Atmospheric aerosols are ubiquitous in the atmosphere and have an impact on human health and atmospheric energy balance. Black carbon (BC) is the highly light-absorbing aerosol that affects climate warming by absorbing solar radiation, which is mainly produced by incomplete combustion of carbonaceous matter, including mobile sources, solid fuel burning and open biomass burning. The BC from solid fuel burning has been paid increased attention due to its strong emission at highly populated region, causing both climatic and health effect. Due to the changes in energy sources, biomass burning emissions have been globally identified to be a major source of the atmospheric aerosols. However, because of the complexity to characterise the emissions of biomass burning and the limitation of the previous instrumentation, the uncertainties of the BC properties and source apportionment for solid fuel burning still exist. This project provides the insights on investigating a variety of BC sources by three experiments. First, comparisons were made between source apportionment techniques to investigate the causes of the difference between different source apportionment techniques, using the data from a comprehensive suite of aerosol measurements and the outputs from various source apportionment studies obtained from the cooperated groups of the Clean Air for London (ClearfLo) project. Data from a single particle soot photometer (SP2), Aethalometer, the outputs of positive matrix factorisation (PMF) of organic aerosol mass spectra measured by a high-resolution aerosol mass spectrometer (HR-AMS) and chemical mass balance (CMB) were used in this study. The results presented here indicated that oxygenated organic aerosols (OOA) and the assumption of absorption Angstrom exponent (Î±wb) for wood burning have an effect on Aethalometer model, estimating the contribution of the biomass burning emissions to BC. In addition, it was found that the estimate of the carbonaceous matter contributed by wood burning derived by Aethalometer model in the previous studies were likely to be overestimated due to the attribution of the non-biomass burning organic matter to the biomass burning emissions. Second, a cruise campaign was carried out along the Yangtze River (YR), where one of the most polluted regions in China. The first time continuous measurements of BC and gaseous pollutants over YR on the regional scale indicated that the shipping emissions significantly contributed to air pollution during the highly polluted periods. BC with smaller mass median core diameter (MMD) of 120-180nm was found to be largely produced by the local sources, whereas a larger MMD of ~200nm was found for mixed sources from the regional transport. The consistency between the PM2.5 from the measurements on the river and the official monitoring sites in the coastal cities supported the inference that the YR basin was strongly affected by the regional pollution. Finally, laboratory experiments were conducted to characterise the solid fuel combustion emissions at source, using three commercial cookstoves with various solid fuels, which have been widely used in developing countries. The results provided a useful insight into interactions between BC and OM, which were parameterised according to modified combustion efficiency. In addition, the finding of the relationship between the OM fraction in PM1 and mixing state of BC can aid in assessment of the absorption enhancement of BC in models, where the BC source profile of solid fuel combustion emissions is not available. In summary, these findings provide an in-depth understanding of BC emissions from a variety of sources in real world, which can underpin either the future research or the mitigation strategies.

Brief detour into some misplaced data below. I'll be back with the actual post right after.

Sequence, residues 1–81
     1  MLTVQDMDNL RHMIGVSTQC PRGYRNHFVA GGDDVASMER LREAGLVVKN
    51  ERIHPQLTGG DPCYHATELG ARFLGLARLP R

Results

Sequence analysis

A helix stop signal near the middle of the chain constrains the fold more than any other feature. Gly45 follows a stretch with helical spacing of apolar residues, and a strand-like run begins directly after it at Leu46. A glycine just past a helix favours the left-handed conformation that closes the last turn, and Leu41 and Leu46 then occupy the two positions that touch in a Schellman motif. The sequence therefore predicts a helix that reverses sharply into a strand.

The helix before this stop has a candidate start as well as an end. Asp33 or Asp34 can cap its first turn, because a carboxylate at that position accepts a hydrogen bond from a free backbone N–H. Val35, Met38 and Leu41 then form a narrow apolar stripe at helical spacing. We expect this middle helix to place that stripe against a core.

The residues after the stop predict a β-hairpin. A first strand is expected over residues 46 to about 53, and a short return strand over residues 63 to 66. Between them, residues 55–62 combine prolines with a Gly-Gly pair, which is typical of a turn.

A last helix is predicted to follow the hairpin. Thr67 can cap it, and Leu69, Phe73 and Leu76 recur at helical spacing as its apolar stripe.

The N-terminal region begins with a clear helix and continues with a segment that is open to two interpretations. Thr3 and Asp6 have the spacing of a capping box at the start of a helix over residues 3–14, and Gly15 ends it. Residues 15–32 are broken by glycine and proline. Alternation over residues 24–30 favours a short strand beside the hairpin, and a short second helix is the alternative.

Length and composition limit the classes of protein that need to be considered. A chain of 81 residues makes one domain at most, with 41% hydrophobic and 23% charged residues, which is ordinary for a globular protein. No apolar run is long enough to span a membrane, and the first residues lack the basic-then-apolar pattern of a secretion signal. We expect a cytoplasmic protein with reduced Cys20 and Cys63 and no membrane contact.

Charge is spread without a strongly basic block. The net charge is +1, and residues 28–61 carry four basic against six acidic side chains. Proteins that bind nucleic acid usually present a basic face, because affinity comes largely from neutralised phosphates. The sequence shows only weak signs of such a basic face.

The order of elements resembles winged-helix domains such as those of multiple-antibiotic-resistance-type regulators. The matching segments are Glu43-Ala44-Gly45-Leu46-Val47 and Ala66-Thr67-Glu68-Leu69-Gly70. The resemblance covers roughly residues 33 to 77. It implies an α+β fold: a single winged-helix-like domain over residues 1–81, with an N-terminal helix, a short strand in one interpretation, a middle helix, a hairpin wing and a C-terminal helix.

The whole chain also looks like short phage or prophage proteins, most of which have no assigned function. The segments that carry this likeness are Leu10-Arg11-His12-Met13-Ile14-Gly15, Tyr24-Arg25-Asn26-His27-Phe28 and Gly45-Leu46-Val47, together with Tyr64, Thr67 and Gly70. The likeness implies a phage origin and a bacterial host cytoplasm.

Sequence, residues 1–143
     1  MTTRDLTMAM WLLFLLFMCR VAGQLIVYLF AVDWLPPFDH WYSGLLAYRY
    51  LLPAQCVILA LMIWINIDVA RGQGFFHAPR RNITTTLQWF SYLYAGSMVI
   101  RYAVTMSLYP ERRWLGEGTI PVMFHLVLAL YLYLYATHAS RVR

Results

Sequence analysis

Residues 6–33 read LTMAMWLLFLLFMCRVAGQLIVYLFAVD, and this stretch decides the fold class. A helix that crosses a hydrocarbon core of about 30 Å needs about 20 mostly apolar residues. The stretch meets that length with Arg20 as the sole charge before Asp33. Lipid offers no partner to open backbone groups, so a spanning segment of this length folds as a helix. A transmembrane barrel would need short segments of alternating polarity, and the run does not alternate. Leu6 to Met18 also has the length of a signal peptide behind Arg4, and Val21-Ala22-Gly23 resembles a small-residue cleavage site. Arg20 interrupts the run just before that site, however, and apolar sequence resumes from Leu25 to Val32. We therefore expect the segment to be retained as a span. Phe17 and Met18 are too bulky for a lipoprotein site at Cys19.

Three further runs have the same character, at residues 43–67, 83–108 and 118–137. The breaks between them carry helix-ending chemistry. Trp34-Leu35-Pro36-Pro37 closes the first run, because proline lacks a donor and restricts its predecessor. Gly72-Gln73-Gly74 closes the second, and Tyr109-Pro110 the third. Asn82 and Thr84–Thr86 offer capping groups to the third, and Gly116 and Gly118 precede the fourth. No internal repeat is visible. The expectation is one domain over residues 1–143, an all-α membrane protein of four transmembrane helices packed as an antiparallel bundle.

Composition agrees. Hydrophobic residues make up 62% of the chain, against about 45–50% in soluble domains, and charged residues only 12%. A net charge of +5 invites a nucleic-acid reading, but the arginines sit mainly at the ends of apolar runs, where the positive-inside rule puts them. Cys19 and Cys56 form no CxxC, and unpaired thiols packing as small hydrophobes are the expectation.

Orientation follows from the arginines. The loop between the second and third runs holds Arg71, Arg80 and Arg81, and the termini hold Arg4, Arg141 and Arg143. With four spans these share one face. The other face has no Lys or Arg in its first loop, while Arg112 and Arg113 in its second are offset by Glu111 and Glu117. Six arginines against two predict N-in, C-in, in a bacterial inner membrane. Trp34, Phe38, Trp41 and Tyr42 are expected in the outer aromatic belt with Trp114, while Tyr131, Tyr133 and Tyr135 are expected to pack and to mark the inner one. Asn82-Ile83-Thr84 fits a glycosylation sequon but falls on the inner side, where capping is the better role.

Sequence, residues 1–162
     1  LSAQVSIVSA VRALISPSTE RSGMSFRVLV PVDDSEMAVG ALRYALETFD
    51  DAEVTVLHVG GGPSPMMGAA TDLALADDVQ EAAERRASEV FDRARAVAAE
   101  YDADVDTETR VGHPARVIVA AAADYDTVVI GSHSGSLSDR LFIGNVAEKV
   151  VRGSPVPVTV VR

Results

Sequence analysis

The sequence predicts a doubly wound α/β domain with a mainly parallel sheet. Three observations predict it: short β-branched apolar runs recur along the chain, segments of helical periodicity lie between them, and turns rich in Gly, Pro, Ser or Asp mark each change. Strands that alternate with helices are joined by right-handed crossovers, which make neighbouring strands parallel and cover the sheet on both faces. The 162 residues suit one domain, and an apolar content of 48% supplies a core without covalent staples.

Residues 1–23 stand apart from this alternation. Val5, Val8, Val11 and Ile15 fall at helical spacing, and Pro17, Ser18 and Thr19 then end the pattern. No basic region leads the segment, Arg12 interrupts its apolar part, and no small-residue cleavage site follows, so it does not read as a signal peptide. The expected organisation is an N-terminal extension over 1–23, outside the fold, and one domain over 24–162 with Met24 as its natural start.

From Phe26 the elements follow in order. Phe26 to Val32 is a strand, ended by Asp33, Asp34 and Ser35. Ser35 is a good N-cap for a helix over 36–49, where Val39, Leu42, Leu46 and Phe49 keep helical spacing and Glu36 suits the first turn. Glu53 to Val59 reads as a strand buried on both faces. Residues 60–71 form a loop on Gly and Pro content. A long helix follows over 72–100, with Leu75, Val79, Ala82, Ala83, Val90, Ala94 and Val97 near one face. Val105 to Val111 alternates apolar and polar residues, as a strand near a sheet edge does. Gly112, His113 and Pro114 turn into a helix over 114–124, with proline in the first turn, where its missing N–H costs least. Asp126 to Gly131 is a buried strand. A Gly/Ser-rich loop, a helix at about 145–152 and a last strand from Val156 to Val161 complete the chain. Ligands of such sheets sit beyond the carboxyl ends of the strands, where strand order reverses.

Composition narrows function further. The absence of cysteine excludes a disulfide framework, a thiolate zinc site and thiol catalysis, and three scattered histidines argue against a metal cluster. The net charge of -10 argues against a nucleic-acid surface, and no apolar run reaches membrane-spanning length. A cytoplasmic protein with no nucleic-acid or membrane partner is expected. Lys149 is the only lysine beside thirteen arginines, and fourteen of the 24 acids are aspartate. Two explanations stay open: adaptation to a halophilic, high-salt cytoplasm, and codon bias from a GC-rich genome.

|Date of Award||1 Aug 2019|
- The University of Manchester
|Supervisor||James Allan (Supervisor) & Hugh Coe (Supervisor)|